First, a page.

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‘The Big Stay’: Companies struggle to attract talent as workers choose job security over new roles

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June 19, 2024
By Talent Canada


Over three quarters of Canadian professionals (77 per cent) have admitted that fears around job security is preventing them from moving jobs. Two-thirds (64 per cent) have stated that job security is a concern when considering a new role, while 13 per cent admit that fears around new job security has stopped them from applying for a new role in its entirety.

The findings come from a recent poll from global recruitment consultancy Robert Walters – which unveils the unprecedented number of professionals who are choosing to remain with their current employer, a phenomenon the recruitment firm calls ‘The Big Stay.’

“It was just three years ago where we saw evidence of The Great Resignation – where professionals were taking new job opportunities at a record high, which was also matched with high new starter salaries,” said Martin Fox, managing director of Robert Walters Canada. “The emergence of The Big Stay’ is testament to the volatility of the economy – which has had a severe dent on business and employee confidence.

“On the one side, we are seeing a month-on-month decline in the number of new permanent job roles – underpinned by risk-averse organizations trying to be cost-conscious. And on the other side – employees are choosing to stay put, and in the process, sacrificing better pay, progression, and skills development that they could gain elsewhere, in the belief that they may be more ‘secure’.”

Fox also noted organizations need fresh perspectives to remain competitive, and employees need movement to avoid stagnating or being pigeonholed.

“A prolonged trend of ‘The Big Stay’ will be counterproductive for Canada’s economy,” he added.

Shift in priorities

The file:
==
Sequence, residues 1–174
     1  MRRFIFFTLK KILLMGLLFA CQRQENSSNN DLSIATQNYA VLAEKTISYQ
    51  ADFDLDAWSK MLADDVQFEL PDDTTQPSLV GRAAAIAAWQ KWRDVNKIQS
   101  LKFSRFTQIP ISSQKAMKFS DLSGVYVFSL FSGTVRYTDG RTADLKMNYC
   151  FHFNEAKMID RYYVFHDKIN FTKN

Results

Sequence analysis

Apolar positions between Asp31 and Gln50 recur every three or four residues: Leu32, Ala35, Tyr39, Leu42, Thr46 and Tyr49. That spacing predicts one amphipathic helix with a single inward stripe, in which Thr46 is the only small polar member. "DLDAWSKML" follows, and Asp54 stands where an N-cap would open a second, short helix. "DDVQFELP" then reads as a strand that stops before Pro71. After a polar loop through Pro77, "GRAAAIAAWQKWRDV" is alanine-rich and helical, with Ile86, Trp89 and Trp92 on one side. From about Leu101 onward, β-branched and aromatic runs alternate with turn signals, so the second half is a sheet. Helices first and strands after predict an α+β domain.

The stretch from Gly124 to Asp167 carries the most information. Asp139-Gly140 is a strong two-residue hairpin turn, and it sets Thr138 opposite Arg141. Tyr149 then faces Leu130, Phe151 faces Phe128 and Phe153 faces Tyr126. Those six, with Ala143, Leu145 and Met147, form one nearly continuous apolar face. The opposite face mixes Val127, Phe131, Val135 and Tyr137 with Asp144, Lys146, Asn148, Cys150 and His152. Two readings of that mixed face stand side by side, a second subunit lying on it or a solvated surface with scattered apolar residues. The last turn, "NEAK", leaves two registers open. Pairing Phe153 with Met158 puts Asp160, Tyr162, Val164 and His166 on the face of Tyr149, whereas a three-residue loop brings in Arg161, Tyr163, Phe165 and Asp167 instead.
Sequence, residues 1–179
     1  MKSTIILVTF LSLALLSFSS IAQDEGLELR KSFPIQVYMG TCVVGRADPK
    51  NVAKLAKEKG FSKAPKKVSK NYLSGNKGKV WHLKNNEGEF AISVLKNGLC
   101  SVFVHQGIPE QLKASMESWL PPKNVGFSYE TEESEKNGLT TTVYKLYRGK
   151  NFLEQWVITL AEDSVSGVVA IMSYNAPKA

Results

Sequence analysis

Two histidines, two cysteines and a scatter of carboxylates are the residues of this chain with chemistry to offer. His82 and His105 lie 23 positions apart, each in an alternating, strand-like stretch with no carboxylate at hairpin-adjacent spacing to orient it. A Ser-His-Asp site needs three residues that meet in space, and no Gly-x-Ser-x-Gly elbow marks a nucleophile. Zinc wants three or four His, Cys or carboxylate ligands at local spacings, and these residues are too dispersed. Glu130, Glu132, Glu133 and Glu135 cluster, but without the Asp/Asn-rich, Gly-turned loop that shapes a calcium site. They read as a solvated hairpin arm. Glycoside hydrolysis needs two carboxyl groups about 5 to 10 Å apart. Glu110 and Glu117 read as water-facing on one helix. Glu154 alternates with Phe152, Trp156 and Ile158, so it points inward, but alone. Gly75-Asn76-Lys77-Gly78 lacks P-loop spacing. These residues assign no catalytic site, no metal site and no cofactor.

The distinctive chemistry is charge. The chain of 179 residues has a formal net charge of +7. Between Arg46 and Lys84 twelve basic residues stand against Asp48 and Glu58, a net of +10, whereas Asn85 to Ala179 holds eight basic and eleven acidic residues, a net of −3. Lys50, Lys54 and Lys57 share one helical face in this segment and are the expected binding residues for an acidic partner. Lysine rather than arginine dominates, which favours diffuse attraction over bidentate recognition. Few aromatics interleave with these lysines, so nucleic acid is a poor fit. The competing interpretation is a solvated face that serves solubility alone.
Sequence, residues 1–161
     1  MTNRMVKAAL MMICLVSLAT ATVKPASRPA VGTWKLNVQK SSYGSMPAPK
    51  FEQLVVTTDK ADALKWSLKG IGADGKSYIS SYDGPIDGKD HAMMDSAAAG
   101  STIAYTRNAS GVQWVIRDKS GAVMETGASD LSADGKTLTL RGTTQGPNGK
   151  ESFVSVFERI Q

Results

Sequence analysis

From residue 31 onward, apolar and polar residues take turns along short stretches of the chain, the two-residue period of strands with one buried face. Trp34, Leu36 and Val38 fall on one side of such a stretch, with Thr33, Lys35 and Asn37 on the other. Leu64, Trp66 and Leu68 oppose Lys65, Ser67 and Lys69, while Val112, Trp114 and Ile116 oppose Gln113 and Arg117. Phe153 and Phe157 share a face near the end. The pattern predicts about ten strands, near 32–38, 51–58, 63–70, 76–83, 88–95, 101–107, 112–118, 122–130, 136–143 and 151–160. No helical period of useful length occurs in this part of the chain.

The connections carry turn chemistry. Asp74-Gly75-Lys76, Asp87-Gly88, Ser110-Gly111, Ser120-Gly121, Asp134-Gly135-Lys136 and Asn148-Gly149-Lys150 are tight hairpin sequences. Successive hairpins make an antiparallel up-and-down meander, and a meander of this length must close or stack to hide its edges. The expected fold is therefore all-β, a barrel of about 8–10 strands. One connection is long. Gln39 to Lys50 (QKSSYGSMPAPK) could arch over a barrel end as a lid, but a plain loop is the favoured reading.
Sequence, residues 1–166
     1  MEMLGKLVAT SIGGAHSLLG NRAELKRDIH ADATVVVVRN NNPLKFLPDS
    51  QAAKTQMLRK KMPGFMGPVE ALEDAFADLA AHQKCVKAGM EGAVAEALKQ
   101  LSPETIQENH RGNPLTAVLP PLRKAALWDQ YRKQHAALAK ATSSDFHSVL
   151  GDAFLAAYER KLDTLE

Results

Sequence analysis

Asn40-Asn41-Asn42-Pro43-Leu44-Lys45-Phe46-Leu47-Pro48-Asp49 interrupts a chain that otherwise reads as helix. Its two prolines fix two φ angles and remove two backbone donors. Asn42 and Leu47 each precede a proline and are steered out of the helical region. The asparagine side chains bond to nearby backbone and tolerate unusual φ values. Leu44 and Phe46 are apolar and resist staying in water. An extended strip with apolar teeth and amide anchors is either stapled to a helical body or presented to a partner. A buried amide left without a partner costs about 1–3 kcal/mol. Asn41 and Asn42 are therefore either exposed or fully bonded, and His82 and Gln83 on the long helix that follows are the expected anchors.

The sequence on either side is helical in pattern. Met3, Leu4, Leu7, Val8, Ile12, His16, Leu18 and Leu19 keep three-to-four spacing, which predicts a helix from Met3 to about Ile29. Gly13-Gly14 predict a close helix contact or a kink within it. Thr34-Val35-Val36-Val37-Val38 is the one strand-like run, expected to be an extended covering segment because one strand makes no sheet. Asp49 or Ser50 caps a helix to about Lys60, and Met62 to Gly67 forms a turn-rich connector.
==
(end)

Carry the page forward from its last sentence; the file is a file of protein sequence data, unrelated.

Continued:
An overwhelming 80 per cent of Canadians state they would now prioritize job security over pay – with about one-quarter (27 per cent) admitting this was not something that “crossed their mind” before, but does now.

In fact, 74 per cent of Canadian employers stated prospective employees now bring up the topic of “job security” during the hiring process, with 53 per cent stating this has been a more recent occurrence in 2024.

When asked further about renewed priorities, two-thirds of professionals (65 per cent) report the state of the economy plays a “significant role” in their decision on whether to move roles—with inflation (40 per cent), unemployment rates (21 per cent), and GDP growth (four per cent) being primary considerations.

Companies struggle to attract

Eight in 10 hiring managers (82 per cent) stated they’ve noticed an increase in prospective employees declining job offers in 2024, with the majority (52 per cent) stating that this is down to salary or culture fit, followed by concerns around job security (16 per cent) or company stability (14 per cent).

As a result, 67 per cent of companies have stated that they have made changes to their recruitment strategies in order to address concerns prospective employees may have over job security – these include; sharing growth plans (52 per cent), and being upfront about company performance (11 per cent).

Just four per cent of employers report they’re more open about industry challenges; many companies worry this may deter professionals from joining them.

When it comes to the financial health and long-term company plans, organizations are increasingly taking a more transparent approach. One-third claim they are now very transparent (34 per cent), followed by somewhat transparent (24 per cent) and slightly transparent (15 per cent).

About one-quarter (27 per cent) state  they are not at all transparent about financial health of the company during the recruitment process.

“It’s a tricky one for employers to know whether some details about an organization may deter professionals from accepting a job offer,” Martin said. “However, from my experience, when a company is fully transparent about their financial position or industry barriers, this only helps to ensure that the ‘right fit’ accepts the job and is frankly ‘up for the challenge’.”


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